Would you like to bring in several hundred dollars a month from your book? How about several thousand? The earning potential of your selective categories is something to consider carefully. For example, according to the ABSR [Amazon Best Seller Rank], the #1 best selling book in the category path nonfiction > Business and Investing is The ONE Thing by Gary Keller and Jay Papasan.
And, according to KDP Rocket, the book is currently earning $12,496 a day at this ranking and price. This is good to know. Even if you could rank at #19 in the same category, such as Turn Your Computer Into a Money Machine in 2017 by Avery Breyer, you’d still be earning $5000 a month. There is nothing wrong with that.
Now that we know what to look for when choosing categories, let’s do a step-by-step on setting this up. Then, I’ll show you how to easily get your book into ten categories.
Amazon Category Rankings: A Brief Note
As we will see, placing your book in a category with low competition but has potential is key. But what would be considered a competitive rank? Well, I’ll make it simple. In any category, if the book is ranking under #1000, chances are it is a highly competitive category. This isn’t to say that you shouldn’t place your book here, but just know that, if you do, be sure to have a strong launch pushing your book and a lot of verified, positive reviews. I would aim for the sweet spot with the highest ranking book around 3-7,000. You can also calculate how many books you would need to sell in order to outrank the highest ranking book in that category. Just use the Amazon Sales Rank Calculator to determine the amount of books needed to sell to compete.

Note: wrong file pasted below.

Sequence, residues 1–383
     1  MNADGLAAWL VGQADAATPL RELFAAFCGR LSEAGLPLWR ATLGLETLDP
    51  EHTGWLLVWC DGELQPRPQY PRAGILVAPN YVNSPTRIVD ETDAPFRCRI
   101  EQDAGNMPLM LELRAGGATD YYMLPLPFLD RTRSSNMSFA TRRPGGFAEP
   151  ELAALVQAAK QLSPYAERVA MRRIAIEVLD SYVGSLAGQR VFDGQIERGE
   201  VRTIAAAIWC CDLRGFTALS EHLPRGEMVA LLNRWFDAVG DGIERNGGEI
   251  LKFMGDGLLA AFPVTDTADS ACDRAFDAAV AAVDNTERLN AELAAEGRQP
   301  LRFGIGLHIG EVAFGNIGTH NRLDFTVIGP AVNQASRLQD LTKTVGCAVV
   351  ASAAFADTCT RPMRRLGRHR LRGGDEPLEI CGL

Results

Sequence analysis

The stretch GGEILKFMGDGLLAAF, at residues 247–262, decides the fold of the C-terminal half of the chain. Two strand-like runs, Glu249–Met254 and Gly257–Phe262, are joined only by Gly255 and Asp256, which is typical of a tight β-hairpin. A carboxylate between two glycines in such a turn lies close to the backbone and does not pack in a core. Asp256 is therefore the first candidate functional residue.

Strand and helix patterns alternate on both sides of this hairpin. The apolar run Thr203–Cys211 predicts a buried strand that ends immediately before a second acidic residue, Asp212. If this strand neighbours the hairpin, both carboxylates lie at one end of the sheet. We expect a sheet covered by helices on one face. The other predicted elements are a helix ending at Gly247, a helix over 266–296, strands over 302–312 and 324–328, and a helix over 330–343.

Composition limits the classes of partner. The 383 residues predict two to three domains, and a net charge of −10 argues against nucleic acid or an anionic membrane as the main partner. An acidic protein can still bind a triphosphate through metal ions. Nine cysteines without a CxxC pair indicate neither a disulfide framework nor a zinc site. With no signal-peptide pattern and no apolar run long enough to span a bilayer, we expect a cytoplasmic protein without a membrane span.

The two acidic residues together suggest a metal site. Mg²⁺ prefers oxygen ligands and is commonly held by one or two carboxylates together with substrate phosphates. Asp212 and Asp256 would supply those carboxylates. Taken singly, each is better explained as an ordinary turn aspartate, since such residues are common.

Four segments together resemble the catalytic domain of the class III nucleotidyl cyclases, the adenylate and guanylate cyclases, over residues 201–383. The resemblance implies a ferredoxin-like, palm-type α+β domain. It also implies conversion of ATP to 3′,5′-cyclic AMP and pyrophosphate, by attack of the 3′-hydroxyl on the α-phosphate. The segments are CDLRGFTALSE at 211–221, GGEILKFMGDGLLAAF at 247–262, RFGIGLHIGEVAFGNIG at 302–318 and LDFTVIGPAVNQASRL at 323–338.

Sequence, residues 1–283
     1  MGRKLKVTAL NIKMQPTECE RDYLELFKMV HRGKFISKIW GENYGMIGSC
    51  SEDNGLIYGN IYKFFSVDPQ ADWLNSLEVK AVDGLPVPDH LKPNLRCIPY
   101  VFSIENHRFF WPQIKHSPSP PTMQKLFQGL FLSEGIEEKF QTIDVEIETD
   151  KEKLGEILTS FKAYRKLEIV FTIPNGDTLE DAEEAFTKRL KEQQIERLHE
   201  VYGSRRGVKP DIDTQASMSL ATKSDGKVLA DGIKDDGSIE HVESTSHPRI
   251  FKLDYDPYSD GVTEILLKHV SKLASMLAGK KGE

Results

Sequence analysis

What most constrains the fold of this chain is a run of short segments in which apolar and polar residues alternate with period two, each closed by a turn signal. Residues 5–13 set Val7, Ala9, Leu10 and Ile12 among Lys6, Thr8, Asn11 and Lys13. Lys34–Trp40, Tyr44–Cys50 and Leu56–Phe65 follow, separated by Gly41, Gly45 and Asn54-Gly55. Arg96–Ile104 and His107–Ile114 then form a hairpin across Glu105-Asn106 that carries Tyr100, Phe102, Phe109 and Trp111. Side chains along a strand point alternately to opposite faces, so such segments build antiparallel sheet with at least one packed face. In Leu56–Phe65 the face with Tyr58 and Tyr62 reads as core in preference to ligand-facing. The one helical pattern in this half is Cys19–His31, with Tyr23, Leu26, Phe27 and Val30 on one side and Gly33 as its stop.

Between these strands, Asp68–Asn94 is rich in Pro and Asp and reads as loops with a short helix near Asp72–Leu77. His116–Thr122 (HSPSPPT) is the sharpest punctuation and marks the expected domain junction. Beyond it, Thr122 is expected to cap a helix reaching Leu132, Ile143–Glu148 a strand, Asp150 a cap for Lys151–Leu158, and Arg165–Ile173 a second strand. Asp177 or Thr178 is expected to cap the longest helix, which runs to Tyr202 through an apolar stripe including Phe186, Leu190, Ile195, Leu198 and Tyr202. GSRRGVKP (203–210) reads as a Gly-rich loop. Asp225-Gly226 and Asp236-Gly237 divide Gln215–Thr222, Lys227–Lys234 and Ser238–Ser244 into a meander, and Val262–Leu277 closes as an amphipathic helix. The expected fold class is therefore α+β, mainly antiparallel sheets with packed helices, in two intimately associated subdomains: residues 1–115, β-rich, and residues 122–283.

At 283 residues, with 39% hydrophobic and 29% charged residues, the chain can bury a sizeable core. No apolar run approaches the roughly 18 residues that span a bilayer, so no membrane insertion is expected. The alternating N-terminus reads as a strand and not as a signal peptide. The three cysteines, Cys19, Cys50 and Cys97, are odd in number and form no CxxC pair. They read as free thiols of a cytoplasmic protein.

Setting Up Your Categories in the KDP Bookshelf
It’s relatively easy to setup your categories in your bookshelf. Remember: Amazon allows you to choose from just two browse categories in the KDP Bookshelf.
Let’s walk through the steps.
- Sign into your KDP Bookshelf.
- Click on your Book Title.
- Scrolling over the Promote and Advertise button, and click on Edit eBook details
- Scroll down until you find the Categories section. Click Set Categories. These are the main browser categories. Choose two accurate, specific categories.
“Nonfiction > Self-help > Emotions”
“Nonfiction > Business & Economics > Business Communication > Business Writing”
- Cross-promote your book. You want your book to show up in as many relevant, popular categories as possible. How do we know if a category is popular?
As I mentioned already, you can use a great piece of software such as Kindlespy. Wesley Atkins’ tool will walk you through the process for finding the best eBook categories, as well as how each category performs when it comes to profitability, popularity and competition.
The other tool that really gets down to the nitty-gritty in terms of stats and numbers, and provides you with not only the Amazon search rankings but Google as well, is KDP Rocket by Dave Chesson at Kindlepreneur.
But wait a minute. Not all of the category paths are listed in the KDP Bookshelf. As a matter of fact, Amazon has thousands of sub-categories that you can break into and have your book rank in special categories not found in the usual channels.
So, that brings us to…
Opening Up the Secret Batch of Amazon Categories
To discover these hidden categories, you simply add in specific keywords to your keyword list. You can also add the name of the category itself and this tells Amazon that book belongs in that specific category.
How do we do that? There are several ways you can find these categories.
- Search for the titles that are similar to yours. You can find the browse categories assigned to those books by scrolling down to the book detail pages to the section “Look for Similar Items by Category.”
- You can also search for relevant browse categories on the left of the category paths page under the Kindle Store > Kindle eBooks header. When you find the categories that are most relevant to your title, as we discussed earlier, check out the top three books and take note of the rankings. If it is a category you can compete in, contact Amazon to have your book placed in that sub-category. If you have already selected your two main browser paths in the dashboard, we can add up to eight more categories, so keep a list of the category paths specific to your book.